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The Man From Taured: A Mystery Solved?

Have you ever switched on the news and caught a story about a country that you’ve never heard of? There are around 200 countries in the world, 28 of which are smaller than the tiny American state of Rhode Island. But, if you were to search a map long enough, you’d be able to eventually track the place down, right? What if, after hours and hours of searching the globe, you still couldn’t find it. Would you believe it exists?

Airport officials in Tokyo asked themselves that question one summer day in 1954 when a man from a seemingly non-existent country showed up on their doorstep. Today, we’re going to explore the tale of the Man from Taured.

The Man Arrives

It was a day like any other in Tokyo, Japan, in July 1954. Haneda Airport, returned to the Japanese by Douglas MacArthur just two years earlier, was churning. Japan was beginning an intense period of modernization and economic expansion, and foreign businessmen from all over the globe regularly arrived at Haneda. Though small by modern standards, about 125 flights arrived and departed the airport each week, including a handful of international flights each day.

A flight from somewhere in Europe landed, and the passengers began to disembark. Airport security was lax at this time, but international travelers were still required to present their passport for a stamp by local officials. One man, described as caucasian looking with dark hair and a beard, handed over his well-worn, stamp-filled booklet. He was a seasoned traveler and businessman who had already visited Japan three times that year, as the stamps in his passport confirmed. But there was one problem. The Japanese official didn’t recognize the country of origin.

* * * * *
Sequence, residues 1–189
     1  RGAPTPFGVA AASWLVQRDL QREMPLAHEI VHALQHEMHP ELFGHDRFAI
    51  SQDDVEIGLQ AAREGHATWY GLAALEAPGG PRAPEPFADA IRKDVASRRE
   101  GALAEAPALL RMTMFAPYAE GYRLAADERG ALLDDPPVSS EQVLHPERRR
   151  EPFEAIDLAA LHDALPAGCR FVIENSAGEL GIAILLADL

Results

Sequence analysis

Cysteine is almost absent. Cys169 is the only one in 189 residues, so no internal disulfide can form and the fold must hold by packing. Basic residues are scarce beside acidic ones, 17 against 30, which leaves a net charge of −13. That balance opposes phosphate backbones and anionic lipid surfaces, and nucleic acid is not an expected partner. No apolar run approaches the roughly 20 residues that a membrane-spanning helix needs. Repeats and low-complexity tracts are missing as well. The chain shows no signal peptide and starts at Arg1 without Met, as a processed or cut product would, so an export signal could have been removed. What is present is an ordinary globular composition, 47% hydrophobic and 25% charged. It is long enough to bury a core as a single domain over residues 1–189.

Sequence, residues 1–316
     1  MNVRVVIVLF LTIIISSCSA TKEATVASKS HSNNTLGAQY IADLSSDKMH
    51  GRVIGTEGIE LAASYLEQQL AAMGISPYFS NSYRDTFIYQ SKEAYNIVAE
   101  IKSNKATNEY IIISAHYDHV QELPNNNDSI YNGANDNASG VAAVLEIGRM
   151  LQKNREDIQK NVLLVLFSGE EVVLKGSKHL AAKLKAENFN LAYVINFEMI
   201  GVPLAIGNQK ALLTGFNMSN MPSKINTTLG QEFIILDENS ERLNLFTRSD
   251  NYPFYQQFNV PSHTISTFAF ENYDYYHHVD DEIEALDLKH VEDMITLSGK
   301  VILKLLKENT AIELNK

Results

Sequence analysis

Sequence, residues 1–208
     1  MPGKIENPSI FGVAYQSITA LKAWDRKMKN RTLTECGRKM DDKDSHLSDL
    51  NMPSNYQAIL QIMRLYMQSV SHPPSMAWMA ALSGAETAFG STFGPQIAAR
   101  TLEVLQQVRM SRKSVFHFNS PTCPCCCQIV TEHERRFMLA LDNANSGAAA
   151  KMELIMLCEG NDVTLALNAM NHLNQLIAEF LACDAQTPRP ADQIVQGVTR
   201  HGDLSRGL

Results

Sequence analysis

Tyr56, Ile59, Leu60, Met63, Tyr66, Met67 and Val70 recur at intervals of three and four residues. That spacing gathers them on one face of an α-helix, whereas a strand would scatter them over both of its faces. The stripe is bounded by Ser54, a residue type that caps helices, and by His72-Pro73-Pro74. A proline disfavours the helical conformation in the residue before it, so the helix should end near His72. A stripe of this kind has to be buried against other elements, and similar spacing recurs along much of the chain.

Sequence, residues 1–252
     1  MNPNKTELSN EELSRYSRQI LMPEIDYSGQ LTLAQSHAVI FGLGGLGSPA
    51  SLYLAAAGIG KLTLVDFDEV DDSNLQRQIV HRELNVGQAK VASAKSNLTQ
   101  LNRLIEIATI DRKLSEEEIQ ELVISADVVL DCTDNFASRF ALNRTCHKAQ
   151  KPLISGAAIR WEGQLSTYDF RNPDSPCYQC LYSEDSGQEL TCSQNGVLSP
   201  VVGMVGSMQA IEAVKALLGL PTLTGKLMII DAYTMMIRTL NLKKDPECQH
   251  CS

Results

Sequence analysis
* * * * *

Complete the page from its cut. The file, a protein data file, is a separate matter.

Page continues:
Thankfully, the man spoke Japanese, though with a slight French accent, and was able to tell his story to the airport official. He was from Taured, a small country nestled between the borders of Spain and France. His work often required him to travel internationally, and he had picked up Japanese during his regular visits to the country over the past five years. He had an appointment with a real Japanese company and a reservation at a real hotel in Tokyo. The man presented traveler’s checks, his company’s name, and a wallet full of foreign currencies. 

Clearly, much of the man’s story seemed plausible, but the official couldn’t let someone into his country with a passport from somewhere he had never heard of. So, the man was taken to an office in the airport for further questioning.

Officials entered the room, laid a world map on the desk, and asked the man to locate his homeland for them. He firmly placed his finger on a real country at the border between France and Spain. Only, the country was not Taured. It was the Principality of Andorra. The officials pointed out the discrepancy in his story, reiterating their inability to allow anyone into Japan with a passport from a non-existent country.

The man grew frustrated. Surely, this was some sort of an elaborate prank. After all, Taured had been around for over 1,000 years! They must have heard of it. But, of course, they hadn’t. Upon the man’s urging, the officials checked the rest of his story. The company that he planned to meet with had never heard of this man from Taured or his company. The hotel had no reservation under his name. And the bank that issued the traveler’s checks didn’t exist.

At this point, the case had gone beyond any possibility of reconciliation. Officials confiscated all of the man’s documentation and placed him in an airport hotel with two security guards at the door. At the very least, this would buy them time to run the issue up the chain of command, or even levy criminal charges against the man.

Case Closed?

The following day, airport officials called upon the man and were met with silence. Security checked his room and found it completely empty, with no trace whatsoever of any occupant. Not to worry, the officials thought. We have all of the man’s documents, so he can’t get very far. Upon searching the airport, though, the officials discovered that all the man’s papers, including his passport and ID, were no longer anywhere to be found. The man had disappeared just as mysteriously as he’d arrived, returning to the nowhere from whence he came.

Theories abound about just who the man was. Was his whole existence a farce? Or did he reveal truths about our universe that were previously unknown to humankind?